The US-based Mosaic Co., one of the
world’s largest fertiliser producers, estimated in
its most recent earnings presentation that global potash
shipments hit an all-time high of 61.1m tonnes in 2014, up 7.4m
tonnes year-on-year (y-o-y), while for fellow fertiliser
mineral phosphate, shipments reached 64.6m tonnes, rising
500,000 tonnes y-o-y.
One could therefore be forgiven for assuming
that, unlike many speciality industrial minerals, the
agrimineral industry is all about bulk production. In fact,
many producers have been focusing on bringing new fertilisers
to market that target specific areas, notably sulphur
deficiencies, which have been highlighted as a key impediment
to achieving higher crop yields.
Russian fertiliser producer EuroChem Group AG
told IM there are a number of contributing
factors behind sulphur deficiencies in soils, which, according
to Netherlands-based speciality plant nutrition company Canna,
can result in unhealthy, deep yellow-coloured leaves, and
stunted growth and flowering in plants.
H J Baker & Bro Inc.’s president
of crop performance, Don Cherry, told IM that
plant metabolism and physiology depend on sulphur-containing
compounds — not least because two essential amino
acids require sulphur in their structure. He pointed out that
sulphur was the fourth major nutrient required by plants, after
nitrogen, potassium and phosphorus.
Among the reasons for sulphur deficiencies in
soil are improved environmental standards. Scrubbers, based on
minerals such as limestone and magnesium, now remove many of
the gasses and toxins from industrial flues. As a result,
sulphur emissions have fallen markedly, especially in developed
This move towards cleaner industrial practices
has precipitated a fall in acid rain volumes, which had acted
as an unintended sulphur source in the past.
EuroChem also told IM that a
move away from the application of manure, a decrease in coal
consumption and less use of single superphosphate (SSP), one of
the original formulated fertilisers, have contributed to
sulphur deficiencies in various regions of the world.
Changing habits in crop production may also be to
blame for sulphur deficiencies: FAOSTAT, the statistics
branch of the Food and Agriculture Organization of the United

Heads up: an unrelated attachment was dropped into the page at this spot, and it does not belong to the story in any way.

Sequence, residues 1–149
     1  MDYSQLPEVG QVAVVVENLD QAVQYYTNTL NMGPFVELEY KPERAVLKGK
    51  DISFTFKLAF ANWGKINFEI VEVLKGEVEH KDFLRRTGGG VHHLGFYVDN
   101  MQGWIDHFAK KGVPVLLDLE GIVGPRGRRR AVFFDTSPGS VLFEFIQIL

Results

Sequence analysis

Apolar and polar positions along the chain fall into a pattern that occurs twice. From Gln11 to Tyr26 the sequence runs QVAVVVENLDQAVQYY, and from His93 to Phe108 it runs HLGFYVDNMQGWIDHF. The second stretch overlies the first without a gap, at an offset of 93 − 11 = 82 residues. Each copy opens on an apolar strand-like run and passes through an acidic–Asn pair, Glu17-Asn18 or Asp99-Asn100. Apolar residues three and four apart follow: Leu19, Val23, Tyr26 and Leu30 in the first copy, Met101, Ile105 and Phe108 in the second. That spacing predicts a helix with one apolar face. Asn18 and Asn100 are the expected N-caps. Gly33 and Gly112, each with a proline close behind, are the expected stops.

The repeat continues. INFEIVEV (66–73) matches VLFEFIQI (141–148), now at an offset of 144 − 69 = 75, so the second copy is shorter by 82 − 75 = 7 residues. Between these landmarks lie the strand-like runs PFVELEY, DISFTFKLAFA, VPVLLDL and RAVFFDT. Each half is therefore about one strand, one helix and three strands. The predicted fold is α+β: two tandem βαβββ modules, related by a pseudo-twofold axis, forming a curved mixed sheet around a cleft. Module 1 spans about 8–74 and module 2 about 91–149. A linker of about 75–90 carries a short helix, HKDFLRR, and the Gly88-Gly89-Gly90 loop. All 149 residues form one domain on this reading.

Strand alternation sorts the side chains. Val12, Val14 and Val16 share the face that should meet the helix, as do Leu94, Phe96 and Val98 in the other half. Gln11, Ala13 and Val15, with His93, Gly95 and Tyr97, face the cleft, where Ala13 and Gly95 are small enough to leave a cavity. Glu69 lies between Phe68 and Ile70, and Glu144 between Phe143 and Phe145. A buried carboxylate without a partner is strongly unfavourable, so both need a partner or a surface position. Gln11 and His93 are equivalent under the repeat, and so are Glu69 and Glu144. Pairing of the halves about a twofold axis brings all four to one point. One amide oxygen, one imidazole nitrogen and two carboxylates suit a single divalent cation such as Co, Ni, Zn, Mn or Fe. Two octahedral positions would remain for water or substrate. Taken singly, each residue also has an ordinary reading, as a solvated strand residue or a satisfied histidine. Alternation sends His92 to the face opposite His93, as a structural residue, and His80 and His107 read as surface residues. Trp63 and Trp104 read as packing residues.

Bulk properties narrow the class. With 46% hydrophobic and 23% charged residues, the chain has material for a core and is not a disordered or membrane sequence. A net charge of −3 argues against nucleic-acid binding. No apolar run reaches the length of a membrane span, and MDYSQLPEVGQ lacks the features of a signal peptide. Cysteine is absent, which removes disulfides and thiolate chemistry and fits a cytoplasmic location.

Nations (UN), recorded a 178% growth rate in the production of
rapeseed between 1993 and 2013 – a year in which
rapeseed output reached 72.7m tonnes.
Rapeseed has a particularly strong sulphur
requirement — 5-7 tonnes/km2 planted land
— according to K+S Kali GmbH, the German division of
salt and fertiliser producer K+S AG, meaning greater sulphur
application rates are needed for its growth.
JT Starzecki, sales and marketing director at
UK-based potash junior Sirius Minerals Plc, which is developing
the York Potash polyhalite project in Yorkshire, England, told
IM that farmers may passively allow soils to
become deficient in sulphur.
"Sometimes, they are forced into reducing
application rates owing to the cost of fertilisers, despite
being fully aware of the yield and quality advantages that they
can offer," he said.
Many countries, such as India, run subsidy
schemes for specific crop nutrients, to increase the
availability of the material to small scale farms. This is a
point of controversy however, as the subsidy for urea in India,
which accounts for roughly two thirds of the cost, has led to
substantial overuse of urea, with no significant increases in
yield, according to a recent report on the fertiliser industry
by Indian national newspaper, The Hindu.
The paper reported that an economic survey saw
fertiliser application carried out in proportions of 8.2:3.2:1
for nitrogen, phosphorus, potassium (NPK), instead of the
regionally optimal 4:2:1 ratio.
Starzecki told IM that
overzealous application of nitrogen can even "choke" the uptake
of other nutrients.
POLY4: A neat package of essential
Eurochem, alongside H J Baker,
India’s Tata Chemicals and Sirius, are all looking
to address the problem of sulphur deficiency. By significantly
increasing crop yields for farmers, the companies hope to rack
up sales of a new set of sulphur-deficiency correcting
H J Baker introduced its Tiger XP product, a
sulphur-bentonite pastille-form fertiliser, in late January